Rachel Prokupek’s deliciously unconventional baklava proved to be both a campus hit and a crash course in entrepreneurship.

Sometimes life calls for a leap of faith. For Rachel Prokupek, W’20, that meant taking a gap year to study French cuisine and pastry at Le Cordon Bleu in Paris. It meant moving to Lebanon in the middle of her sophomore summer to cook. Most recently, it meant applying class knowledge to scale a beloved dessert into a flaky, phyllo-doughed-filled campus franchise: Baklava by Rachel.

From the Beginning

To understand Rachel’s journey we have to rewind to July 2018, the summer of her sophomore year. She had spent the first two months interning at a Philadelphia ad agency. Her boyfriend, Adam, was studying in Beirut. When she discovered that Rita, a friend from her days at Le Cordon Bleu, was also in Lebanon, Rachel arranged for the two of them to meet up.

Rita was working as head chef of a modern Middle Eastern restaurant near the coastline; Adam raved about the food. That same night, Rita FaceTimed Rachel — the restaurant was understaffed, and if Rachel wanted a position, she could have one.

“There was a time crunch, or pressure, in a sense — do it now or you may not get the chance to do it again,” Rachel reflected. After much thought, she quit her internship and flew to Beirut, where she would spend the rest of her summer helping in the kitchen and doing the restaurant’s digital marketing. It was on her first day that she stumbled across a dessert that would consume her life for the next year. 

“I saw this beautiful baklava that was shaped like a pie,” Rachel said. It was unconventional, as baklava is traditionally smaller, but Rachel fell in love with it. Rita and fellow chef Tommy taught her their modern take. Moving forward, Rachel was in charge of making the baklava.

From the Ground Up

Back at Penn, the baklava transformed into a passion project. Rachel made the dessert for her friends and for the student-run food magazine Penn Appétit, where she served as Executive Director for two years. “It became popular to the point where people would start asking me to make it,” she said. An opportunity presented itself.

Rachel transferred to Wharton her sophomore year to pursue her passions in branding and marketing. With her Marketing and Management concentrations and specialization in Entrepreneurship and Innovation, she felt equipped with the classroom knowledge to take her baklava to the next level. 

Over winter break, Rachel toyed with the idea. She sourced focus groups through Instagram, trading baklava for feedback. The focus groups helped determine “everything from the taste, the shape, the size, the flavors, the presentation, the sales, the distribution network.” She bought her ingredients, designed a logo (BKLV in the shape of the LOVE statue), and started selling online.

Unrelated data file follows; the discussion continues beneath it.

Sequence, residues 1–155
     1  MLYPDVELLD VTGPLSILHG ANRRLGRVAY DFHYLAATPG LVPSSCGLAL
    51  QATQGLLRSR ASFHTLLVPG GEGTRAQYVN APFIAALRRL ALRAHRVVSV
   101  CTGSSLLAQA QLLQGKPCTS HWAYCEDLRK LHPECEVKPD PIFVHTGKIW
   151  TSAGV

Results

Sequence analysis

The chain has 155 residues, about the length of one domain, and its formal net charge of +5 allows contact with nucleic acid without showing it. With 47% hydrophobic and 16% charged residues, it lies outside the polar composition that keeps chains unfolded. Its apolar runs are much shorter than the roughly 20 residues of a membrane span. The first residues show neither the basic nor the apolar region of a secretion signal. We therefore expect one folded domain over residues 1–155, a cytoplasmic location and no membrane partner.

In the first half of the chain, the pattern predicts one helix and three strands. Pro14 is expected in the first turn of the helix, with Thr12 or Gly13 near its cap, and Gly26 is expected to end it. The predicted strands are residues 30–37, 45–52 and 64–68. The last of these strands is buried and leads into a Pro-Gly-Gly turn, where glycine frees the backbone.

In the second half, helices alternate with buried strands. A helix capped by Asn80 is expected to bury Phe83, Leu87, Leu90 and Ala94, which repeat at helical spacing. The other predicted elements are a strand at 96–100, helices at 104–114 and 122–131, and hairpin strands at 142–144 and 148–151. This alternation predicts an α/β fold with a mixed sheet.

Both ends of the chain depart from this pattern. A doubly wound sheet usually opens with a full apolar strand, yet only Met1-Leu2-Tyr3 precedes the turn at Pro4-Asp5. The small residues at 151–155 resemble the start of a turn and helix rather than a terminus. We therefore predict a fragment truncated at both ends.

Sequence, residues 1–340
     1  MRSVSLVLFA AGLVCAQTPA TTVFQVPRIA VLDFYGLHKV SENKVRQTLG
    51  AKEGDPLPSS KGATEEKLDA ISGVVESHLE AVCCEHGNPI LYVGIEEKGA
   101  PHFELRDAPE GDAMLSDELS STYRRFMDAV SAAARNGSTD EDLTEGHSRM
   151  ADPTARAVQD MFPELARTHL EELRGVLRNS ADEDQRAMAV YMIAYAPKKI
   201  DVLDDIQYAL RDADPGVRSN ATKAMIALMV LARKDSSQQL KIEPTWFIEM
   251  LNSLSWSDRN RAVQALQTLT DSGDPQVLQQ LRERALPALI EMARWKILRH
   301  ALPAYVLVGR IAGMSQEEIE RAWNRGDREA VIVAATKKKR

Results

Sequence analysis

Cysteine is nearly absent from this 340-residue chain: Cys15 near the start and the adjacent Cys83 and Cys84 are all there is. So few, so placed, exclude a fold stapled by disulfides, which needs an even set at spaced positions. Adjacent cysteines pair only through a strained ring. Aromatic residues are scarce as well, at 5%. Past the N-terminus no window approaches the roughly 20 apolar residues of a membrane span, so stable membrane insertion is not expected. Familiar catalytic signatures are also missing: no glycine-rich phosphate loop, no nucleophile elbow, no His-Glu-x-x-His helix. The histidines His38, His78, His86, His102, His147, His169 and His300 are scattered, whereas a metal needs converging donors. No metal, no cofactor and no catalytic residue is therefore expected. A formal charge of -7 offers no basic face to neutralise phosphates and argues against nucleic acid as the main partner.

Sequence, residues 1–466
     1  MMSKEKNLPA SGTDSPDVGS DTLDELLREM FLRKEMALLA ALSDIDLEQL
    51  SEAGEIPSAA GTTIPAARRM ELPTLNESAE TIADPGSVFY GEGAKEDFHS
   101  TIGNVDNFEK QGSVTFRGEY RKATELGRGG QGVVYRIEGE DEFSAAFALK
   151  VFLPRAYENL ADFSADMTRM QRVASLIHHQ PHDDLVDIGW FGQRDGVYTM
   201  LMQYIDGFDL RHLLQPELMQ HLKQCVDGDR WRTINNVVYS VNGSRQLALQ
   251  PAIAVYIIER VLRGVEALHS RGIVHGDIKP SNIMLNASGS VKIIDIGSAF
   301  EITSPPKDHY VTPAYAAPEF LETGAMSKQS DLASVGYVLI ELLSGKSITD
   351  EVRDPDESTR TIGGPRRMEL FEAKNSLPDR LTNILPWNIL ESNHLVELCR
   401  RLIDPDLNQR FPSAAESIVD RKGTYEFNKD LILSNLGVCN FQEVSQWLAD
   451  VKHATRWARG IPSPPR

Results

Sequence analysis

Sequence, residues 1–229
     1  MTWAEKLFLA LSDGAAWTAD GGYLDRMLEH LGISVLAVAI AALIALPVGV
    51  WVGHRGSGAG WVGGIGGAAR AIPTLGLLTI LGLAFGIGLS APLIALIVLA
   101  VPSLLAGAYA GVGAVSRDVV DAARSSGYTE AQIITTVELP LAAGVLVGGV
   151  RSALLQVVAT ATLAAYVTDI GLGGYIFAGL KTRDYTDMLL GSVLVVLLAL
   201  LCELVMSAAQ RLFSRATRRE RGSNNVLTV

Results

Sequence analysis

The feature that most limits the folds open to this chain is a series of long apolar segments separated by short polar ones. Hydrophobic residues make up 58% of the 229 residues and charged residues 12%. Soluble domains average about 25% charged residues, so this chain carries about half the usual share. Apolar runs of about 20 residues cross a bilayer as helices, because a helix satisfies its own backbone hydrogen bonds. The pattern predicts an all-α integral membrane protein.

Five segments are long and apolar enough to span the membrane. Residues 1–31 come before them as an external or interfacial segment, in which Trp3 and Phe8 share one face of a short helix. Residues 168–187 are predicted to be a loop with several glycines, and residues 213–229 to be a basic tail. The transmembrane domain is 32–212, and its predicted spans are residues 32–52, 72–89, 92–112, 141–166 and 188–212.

There was “a strong learning curve.” Running a business in real-time required iterating and fixing mistakes on the fly. “I learned so many things about marketing and customers and what happens if you mess up an order or what happens if a customer’s unhappy with it. Those are uncomfortable things, but it’s really useful. You don’t necessarily learn that hands-on in entrepreneurship class,” she said.

She’s grateful to Penn and Philly for being the perfect incubator for experimentation. “Philly’s an awesome food city,” Rachel said. Culinary creatives both on campus and off shaped the way she ran her business — inspiring her online ordering process, introducing her to local test kitchens, being her second home.

“The nature of this campus is supportive of little ventures like this,” Rachel said, “and it’s just such low risk to do something in college. You can get the help of professors. There are funding opportunities. There’s so much stuff on campus that can help you that if you have an idea, there’s no downside to trying it.”

From Here On Out

Baklava by Rachel picked up speed. Some weeks, orders sold out in under a minute. The popularity was demanding. Rachel considered bringing more people on board, but ultimately decided not to. She had started the business as an experiment — simply to see if she could, and she did. Now, her days were consumed by baklava. “I was making so much baklava every single day to the point where I was like, ‘I need a break,’” Rachel confessed. After 6 successful months, it was time to close that chapter.

After graduation, Rachel will move to Dubai with her boyfriend to consult for Strategy&. She came into Penn planning to study international relations and Arabic, and never relinquished those interests. Her summer in Beirut actualized the real possibility of working in the Middle East.

Going from the kitchen to the office won’t be too drastic of a shift — Rachels noted some “very interesting similarities” between the two. Long, fast-paced hours in the kitchen translated to the rigor of the corporate space.

For Rachel, the biggest parallel is receiving criticism. “At culinary school, and in the kitchen, you get very hard feedback. Everything needs to be exactly perfect. If you don’t do something right, then you have to throw it away.”

This past summer, Rachel consulted at EY-Parthenon. A manager had jokingly warned her that he gave tough feedback. She wasn’t too worried. “I’ve worked in kitchens before,” she explained. “I’ve learned how to receive tough feedback.” 

Rachel is excited — and slightly nervous — about Dubai. “It’s going to be really hard, but when else would I be able to do it?” she said. She was attracted by the consulting culture in Dubai, which was described to her as “much more entrepreneurial.” And Rachel hasn’t let go of her “dream goal” of working in the food industry. Maybe in the future, she’ll find her way back to it.

— Angela Lin

Posted: April 10, 2020

Related Content

Read More Stories